This Could Be in Your Wallet — Tax Refunds from 2010

The IRS has more than $10 million for Connecticut taxpayers who have not filed a 2010 income tax return.

Refunds totaling more than $10 million may be waiting for an estimated 11,700 Connecticut taxpayers who did not file a federal income tax return for 2010, the Internal Revenue Service announced. However, to collect the money, a return for 2010 must be filed with the IRS no later than Tuesday, April 15, 2014.

Here's what the IRS also said in their announcement:

The IRS estimates that half the potential refunds due Connecticut taxpayers for 2010 are more than $620.

Nationally, refunds totaling almost $760 million may be waiting for an estimated 918,600 taxpayers who did not file a federal income tax return for 2010. The IRS estimates that half the potential refunds for 2009 are more than $571.

"The window is quickly closing for people who are owed refunds from 2010 who haven't filed a tax return," said IRS Commissioner John Koskinen. "We encourage students, part-time workers and others who haven't filed for 2010 to look into this before time runs out on April 15."

The IRS estimates that half the potential refunds for 2010 are more than $571.

Some people may not have filed because they had too little income to require filing a tax return even though they had taxes withheld from their wages or made quarterly estimated payments. In cases where a return was not filed, the law provides most taxpayers with a three-year window of opportunity for claiming a refund. If no return is filed to claim a refund within three years, the money becomes property of the U.S. Treasury.

For 2010 returns, the window closes on April 15, 2014. The law requires that the return be properly addressed, mailed and postmarked by that date. There is no penalty for filing a late return qualifying for a refund.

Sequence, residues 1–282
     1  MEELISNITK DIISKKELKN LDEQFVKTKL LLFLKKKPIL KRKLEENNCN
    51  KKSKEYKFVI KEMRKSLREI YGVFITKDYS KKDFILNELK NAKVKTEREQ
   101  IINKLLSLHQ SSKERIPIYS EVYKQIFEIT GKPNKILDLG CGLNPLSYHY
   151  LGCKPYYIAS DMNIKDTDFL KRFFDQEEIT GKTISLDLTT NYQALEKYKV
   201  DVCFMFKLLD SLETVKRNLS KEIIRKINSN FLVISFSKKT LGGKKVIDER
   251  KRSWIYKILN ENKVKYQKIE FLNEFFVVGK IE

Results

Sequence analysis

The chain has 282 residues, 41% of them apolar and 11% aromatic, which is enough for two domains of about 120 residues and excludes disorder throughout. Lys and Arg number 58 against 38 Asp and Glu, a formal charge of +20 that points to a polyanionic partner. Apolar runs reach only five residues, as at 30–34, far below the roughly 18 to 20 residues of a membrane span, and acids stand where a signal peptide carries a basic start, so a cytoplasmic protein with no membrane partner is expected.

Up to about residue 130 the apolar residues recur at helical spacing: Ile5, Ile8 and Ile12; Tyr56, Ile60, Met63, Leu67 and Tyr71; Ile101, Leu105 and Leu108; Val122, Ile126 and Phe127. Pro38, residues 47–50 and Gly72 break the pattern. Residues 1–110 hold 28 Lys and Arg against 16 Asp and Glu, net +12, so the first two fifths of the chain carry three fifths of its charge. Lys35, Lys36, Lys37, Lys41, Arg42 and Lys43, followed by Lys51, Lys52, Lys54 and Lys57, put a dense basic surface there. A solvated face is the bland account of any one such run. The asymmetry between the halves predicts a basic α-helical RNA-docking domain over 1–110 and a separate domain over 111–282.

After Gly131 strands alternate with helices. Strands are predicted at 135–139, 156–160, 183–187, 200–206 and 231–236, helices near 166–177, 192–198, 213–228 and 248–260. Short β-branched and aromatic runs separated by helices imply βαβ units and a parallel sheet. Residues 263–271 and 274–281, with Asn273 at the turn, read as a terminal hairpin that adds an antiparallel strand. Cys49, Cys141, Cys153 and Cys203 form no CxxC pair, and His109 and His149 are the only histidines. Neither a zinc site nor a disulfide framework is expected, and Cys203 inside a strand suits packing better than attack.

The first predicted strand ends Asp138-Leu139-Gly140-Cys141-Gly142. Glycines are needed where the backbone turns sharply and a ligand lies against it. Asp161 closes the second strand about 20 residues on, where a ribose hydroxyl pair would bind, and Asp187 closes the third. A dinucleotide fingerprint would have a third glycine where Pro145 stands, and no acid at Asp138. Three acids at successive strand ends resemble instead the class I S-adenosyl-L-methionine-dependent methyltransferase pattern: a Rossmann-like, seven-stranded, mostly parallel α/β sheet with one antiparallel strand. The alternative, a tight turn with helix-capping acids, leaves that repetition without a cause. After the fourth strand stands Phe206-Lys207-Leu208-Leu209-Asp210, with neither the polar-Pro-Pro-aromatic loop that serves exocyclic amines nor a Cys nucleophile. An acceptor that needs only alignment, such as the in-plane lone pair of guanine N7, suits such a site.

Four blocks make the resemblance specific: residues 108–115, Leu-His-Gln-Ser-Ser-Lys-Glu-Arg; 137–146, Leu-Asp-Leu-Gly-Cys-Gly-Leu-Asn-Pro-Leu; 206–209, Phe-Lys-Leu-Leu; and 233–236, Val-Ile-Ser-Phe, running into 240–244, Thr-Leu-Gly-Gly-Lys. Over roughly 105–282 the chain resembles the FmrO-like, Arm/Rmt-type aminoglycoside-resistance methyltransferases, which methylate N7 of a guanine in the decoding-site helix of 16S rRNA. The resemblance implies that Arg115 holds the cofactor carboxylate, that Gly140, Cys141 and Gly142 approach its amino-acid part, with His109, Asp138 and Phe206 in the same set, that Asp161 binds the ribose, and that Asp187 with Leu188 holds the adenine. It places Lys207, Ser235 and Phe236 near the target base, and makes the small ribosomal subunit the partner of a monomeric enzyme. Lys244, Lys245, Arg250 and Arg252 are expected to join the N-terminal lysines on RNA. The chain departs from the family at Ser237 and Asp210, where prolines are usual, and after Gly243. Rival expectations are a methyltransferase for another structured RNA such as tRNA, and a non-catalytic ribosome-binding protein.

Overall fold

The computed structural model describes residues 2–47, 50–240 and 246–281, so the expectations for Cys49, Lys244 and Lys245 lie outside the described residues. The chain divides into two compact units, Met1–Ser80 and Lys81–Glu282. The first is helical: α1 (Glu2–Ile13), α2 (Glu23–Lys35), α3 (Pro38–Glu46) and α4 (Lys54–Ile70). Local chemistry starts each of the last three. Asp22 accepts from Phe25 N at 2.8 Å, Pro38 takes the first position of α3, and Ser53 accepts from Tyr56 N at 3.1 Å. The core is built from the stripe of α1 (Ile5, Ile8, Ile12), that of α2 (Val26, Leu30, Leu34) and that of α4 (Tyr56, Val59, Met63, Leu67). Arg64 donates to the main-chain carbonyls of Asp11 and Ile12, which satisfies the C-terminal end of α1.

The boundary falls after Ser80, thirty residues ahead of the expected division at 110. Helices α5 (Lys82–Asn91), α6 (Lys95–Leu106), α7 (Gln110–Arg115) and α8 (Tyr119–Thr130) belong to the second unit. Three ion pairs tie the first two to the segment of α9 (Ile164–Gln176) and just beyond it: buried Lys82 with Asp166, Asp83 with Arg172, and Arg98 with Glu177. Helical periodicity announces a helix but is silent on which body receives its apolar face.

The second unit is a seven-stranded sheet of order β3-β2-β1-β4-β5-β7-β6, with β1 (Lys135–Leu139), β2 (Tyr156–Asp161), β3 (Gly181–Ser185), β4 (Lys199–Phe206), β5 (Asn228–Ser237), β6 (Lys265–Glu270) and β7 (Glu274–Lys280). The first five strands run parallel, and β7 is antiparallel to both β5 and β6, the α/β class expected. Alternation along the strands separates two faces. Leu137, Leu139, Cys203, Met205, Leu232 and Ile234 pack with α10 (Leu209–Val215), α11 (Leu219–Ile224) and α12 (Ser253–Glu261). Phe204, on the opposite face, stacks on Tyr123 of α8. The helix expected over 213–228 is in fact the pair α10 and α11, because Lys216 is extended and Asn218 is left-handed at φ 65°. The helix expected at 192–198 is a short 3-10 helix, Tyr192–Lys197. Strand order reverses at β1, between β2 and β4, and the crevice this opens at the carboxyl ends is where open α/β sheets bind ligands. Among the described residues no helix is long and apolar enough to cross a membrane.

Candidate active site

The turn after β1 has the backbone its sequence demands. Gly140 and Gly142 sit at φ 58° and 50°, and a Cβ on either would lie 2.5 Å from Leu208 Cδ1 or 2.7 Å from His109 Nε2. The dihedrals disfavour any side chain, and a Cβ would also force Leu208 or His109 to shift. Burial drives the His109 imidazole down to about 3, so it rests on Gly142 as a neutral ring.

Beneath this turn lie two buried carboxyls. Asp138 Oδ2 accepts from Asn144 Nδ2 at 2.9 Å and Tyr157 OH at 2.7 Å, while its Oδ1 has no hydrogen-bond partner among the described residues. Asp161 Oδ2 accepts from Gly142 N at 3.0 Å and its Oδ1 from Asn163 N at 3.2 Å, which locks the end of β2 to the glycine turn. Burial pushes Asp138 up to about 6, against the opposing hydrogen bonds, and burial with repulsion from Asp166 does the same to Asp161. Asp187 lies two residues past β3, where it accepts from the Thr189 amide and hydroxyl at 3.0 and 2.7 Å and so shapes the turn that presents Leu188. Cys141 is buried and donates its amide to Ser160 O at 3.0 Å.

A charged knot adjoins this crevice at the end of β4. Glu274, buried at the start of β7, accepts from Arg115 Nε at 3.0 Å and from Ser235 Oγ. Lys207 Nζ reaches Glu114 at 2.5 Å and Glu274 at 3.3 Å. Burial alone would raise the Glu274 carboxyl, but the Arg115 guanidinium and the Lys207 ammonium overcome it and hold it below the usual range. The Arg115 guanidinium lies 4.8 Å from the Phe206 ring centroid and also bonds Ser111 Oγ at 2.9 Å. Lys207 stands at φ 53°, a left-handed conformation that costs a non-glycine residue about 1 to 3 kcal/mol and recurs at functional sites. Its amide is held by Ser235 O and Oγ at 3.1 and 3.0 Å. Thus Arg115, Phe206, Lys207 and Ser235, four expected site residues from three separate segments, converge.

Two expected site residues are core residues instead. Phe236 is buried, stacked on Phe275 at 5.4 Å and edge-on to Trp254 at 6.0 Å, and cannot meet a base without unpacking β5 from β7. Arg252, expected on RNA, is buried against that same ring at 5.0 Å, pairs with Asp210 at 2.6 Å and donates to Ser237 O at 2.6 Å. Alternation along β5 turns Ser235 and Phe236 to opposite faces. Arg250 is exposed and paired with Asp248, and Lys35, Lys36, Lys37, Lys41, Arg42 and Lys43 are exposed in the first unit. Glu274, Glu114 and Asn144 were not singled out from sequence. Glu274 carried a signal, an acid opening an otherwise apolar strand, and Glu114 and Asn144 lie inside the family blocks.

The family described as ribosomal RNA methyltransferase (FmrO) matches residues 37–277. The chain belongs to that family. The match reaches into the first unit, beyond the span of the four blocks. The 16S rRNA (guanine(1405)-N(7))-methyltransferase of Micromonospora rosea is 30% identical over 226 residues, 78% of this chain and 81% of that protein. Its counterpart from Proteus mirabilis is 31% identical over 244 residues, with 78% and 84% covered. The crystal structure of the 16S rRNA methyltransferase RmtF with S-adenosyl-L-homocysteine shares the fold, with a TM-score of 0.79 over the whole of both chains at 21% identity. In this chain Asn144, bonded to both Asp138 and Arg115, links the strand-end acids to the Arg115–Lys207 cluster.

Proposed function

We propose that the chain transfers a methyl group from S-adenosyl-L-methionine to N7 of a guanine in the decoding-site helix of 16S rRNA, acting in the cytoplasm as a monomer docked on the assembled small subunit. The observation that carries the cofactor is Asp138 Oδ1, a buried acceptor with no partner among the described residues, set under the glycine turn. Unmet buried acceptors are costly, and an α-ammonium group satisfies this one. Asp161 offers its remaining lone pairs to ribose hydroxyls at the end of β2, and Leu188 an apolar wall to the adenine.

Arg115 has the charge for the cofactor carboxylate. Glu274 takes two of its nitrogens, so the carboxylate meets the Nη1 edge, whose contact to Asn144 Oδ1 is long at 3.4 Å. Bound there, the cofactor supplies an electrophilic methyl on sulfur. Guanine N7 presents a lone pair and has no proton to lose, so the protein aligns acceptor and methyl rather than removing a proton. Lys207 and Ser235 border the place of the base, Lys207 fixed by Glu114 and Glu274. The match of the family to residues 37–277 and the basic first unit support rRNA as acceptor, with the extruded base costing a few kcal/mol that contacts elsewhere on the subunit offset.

The IRS reminds taxpayers seeking a 2010 refund that their checks may be held if they have not filed tax returns for 2011 and 2012. In addition, the refund will be applied to any amounts still owed to the IRS or their state tax agency, and may be used to offset unpaid child support or past due federal debts such as student loans.

By failing to file a return, people stand to lose more than just their refund of taxes withheld or paid during 2010. In addition, many low-and-moderate income workers may not have claimed the Earned Income Tax Credit (EITC). For 2010, the credit is worth as much as $5,666. The EITC helps individuals and families whose incomes are below certain thresholds. The thresholds for 2010 were:

  • $43,352 ($48,362 if married filing jointly) for those with three or more qualifying children,
  • $40,363 ($45,373 if married filing jointly) for people with two qualifying children,
  • $35,535 ($40,545 if married filing jointly) for those with one qualifying child, and
  • $13,460 ($18,470 if married filing jointly) for people without qualifying children.

Current and prior year tax forms and instructions are available on the Forms and Publications page of IRS.gov or by calling toll-free 800-TAX-FORM (800-829-3676). Taxpayers who are missing Forms W-2, 1098, 1099 or 5498 for 2010, 2011 or 2012 should request copies from their employer, bank or other payer.